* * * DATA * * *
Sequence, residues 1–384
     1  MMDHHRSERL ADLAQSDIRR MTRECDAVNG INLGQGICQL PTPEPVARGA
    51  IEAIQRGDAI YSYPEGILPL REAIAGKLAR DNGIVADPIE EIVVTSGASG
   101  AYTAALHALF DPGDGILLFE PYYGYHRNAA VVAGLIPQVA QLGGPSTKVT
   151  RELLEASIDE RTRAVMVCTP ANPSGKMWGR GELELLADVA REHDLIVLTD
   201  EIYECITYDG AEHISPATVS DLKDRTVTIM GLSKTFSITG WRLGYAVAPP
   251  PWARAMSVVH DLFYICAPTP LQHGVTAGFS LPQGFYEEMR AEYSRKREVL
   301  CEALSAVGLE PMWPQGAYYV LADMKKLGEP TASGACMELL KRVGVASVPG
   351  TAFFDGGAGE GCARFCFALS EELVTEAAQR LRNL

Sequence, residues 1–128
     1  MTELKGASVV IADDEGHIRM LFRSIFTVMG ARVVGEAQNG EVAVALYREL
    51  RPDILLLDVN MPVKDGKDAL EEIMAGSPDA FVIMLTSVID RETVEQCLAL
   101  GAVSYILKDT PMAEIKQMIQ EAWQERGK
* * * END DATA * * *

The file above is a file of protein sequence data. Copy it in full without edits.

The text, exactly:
Sequence, residues 1–384
     1  MMDHHRSERL ADLAQSDIRR MTRECDAVNG INLGQGICQL PTPEPVARGA
    51  IEAIQRGDAI YSYPEGILPL REAIAGKLAR DNGIVADPIE EIVVTSGASG
   101  AYTAALHALF DPGDGILLFE PYYGYHRNAA VVAGLIPQVA QLGGPSTKVT
   151  RELLEASIDE RTRAVMVCTP ANPSGKMWGR GELELLADVA REHDLIVLTD
   201  EIYECITYDG AEHISPATVS DLKDRTVTIM GLSKTFSITG WRLGYAVAPP
   251  PWARAMSVVH DLFYICAPTP LQHGVTAGFS LPQGFYEEMR AEYSRKREVL
   301  CEALSAVGLE PMWPQGAYYV LADMKKLGEP TASGACMELL KRVGVASVPG
   351  TAFFDGGAGE GCARFCFALS EELVTEAAQR LRNL

Sequence, residues 1–128
     1  MTELKGASVV IADDEGHIRM LFRSIFTVMG ARVVGEAQNG EVAVALYREL
    51  RPDILLLDVN MPVKDGKDAL EEIMAGSPDA FVIMLTSVID RETVEQCLAL
   101  GAVSYILKDT PMAEIKQMIQ EAWQERGK